In her study, Taylor highlighted some strategies for developing and recruiting a more diverse talent pool that are not yet widely adopted. They include developing a pipeline for greater inclusion of minority and low-income residents, reaching out to and recruiting from minority serving institutions and organizations, and dedicating specific staff or board members to address diversity. This is a long-term game, requiring building of relationships and programs that serve diverse interests and needs.

Partners Building a Pipeline of Talent

At Wilderness Inquiry, work has been underway for five years to create such a talent pipeline. WI built on a strong history of serving individuals with disabilities to expand its reach to individuals facing socioeconomic barriers to full participation in our society. WI offers UWCA programming in the schools, currently reaching more than 13,000 middle and high school students in Minnesota and several thousand in 24 cities across the country via its traveling arm, Canoemobile. These programs connect thousands of urban youth to public lands in their own communities through hands-on learning adventures on both water and land.

This programming is created in close partnership with federal agencies like National Park Service and U.S. Forest Service; state and local partners like the MN Department of Natural Resources (DNR); Minneapolis and Saint Paul school districts, Minneapolis Park and Recreation Board and local and national NGOs like STEP UP Achieve, Right Track and Project WILD.  All are working together to:

  • Build an integrated system for experiential education that addresses the achievement and opportunity gap for disadvantaged youth
  • Create a cadre of students who are inspired to further engage with the outdoors and build lasting social connections for their high school experience
  • Introduce students to outdoor and environmental career paths and educational opportunities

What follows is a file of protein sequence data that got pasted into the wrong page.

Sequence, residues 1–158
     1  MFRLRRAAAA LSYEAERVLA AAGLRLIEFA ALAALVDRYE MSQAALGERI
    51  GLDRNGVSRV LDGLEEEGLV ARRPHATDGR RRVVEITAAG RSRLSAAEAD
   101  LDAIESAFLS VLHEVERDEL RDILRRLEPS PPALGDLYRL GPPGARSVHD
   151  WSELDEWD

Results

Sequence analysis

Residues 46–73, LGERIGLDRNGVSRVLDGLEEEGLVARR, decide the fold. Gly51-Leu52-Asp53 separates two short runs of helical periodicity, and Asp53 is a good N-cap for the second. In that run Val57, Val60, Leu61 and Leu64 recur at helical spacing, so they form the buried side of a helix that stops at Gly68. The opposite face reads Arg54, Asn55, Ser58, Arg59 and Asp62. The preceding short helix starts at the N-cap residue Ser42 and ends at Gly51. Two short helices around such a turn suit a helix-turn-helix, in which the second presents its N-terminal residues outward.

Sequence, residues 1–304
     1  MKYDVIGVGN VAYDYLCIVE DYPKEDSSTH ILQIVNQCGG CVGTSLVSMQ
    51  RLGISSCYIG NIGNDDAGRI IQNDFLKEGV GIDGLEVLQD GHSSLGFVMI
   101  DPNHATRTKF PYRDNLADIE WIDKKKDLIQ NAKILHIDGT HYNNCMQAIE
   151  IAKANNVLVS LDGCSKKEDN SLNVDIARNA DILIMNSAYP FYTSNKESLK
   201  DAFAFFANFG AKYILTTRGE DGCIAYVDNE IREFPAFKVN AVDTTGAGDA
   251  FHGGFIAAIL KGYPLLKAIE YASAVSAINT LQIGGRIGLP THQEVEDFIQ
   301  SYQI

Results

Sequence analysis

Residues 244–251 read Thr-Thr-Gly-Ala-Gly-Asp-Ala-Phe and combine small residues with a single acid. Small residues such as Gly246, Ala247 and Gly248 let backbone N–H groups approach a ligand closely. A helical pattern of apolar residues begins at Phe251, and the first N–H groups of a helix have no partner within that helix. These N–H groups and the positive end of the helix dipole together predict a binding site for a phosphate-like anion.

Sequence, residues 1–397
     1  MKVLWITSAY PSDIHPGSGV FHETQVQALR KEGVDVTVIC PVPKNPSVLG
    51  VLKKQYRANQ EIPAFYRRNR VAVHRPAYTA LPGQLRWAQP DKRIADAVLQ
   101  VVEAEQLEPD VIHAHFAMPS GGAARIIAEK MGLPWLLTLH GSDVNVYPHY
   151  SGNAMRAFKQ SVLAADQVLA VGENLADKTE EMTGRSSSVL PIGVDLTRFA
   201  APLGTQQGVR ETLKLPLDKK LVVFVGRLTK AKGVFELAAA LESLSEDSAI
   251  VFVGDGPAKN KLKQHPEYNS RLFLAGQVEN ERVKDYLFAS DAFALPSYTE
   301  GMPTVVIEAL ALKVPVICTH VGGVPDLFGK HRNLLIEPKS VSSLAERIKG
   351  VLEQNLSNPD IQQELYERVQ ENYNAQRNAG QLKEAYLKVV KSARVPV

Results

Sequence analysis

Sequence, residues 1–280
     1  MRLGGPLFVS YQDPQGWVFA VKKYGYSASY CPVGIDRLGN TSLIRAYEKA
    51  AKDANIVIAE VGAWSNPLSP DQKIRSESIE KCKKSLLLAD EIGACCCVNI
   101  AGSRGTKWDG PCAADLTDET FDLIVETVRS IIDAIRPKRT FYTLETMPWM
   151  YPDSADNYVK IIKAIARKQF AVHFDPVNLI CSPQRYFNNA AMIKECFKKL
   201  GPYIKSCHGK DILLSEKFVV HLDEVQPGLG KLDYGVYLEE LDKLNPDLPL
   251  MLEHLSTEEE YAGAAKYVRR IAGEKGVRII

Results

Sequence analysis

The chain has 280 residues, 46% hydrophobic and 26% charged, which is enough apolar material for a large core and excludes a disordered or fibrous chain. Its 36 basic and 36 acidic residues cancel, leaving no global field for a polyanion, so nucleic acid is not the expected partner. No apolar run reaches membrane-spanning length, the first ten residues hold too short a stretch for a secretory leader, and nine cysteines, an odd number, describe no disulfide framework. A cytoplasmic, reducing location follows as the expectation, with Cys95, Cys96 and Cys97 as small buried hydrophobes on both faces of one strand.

• Establish a successful model for expansion throughout the school districts
US Forest Service, YMCA, Megan O'Hara

U.S. Forest Service and WI brought 30 youth from St. Paul to Superior and Chippewa National Forests to learn about Forest Service careers and do hands-on service learning.

WI’s “Pyramid of Engagement” program model offers a step-wise series of hands-on experiences that support academic achievement, build core personal skills and introduce students to outdoor industry and environmental careers.

Pyramid of Engagement

WI’s Pyramid of Engagement

Mayor Chris Coleman, a board member of Wilderness Inquiry, helped launch a Glacier National Park program with college-bound AVID students from St. Paul. Over several years, these trips have proven to be transformative with both recreational and career focus. These programs improve participants’ sense of themselves and their relationship to the world. WI and partners believe that experience, knowledge and empowerment are key to building collective action to address large-scale environmental and societal challenges.

To feed into the top of the Pyramid of Engagement, WI has formed an Outdoor Careers Advisory of 26 federal and state agency partners, city park boards, environmental organizations and horticulture/landscaping businesses and organizations that are committed to achieving a more diverse and representative workforce.

The issue of minority leadership in green organizations, though complex, remains an important order of business for us all. In its longtime role to promote social integration, WI has been led by individuals from all walks of life. For half of WI’s 36-year history, its board has been led by community leaders with disabilities. Yet, like most other outdoor and environmental organizations, cultural and ethic minorities have been underrepresented in its leadership.The work to expand social integration to talented young people facing socioeconomic barriers continues.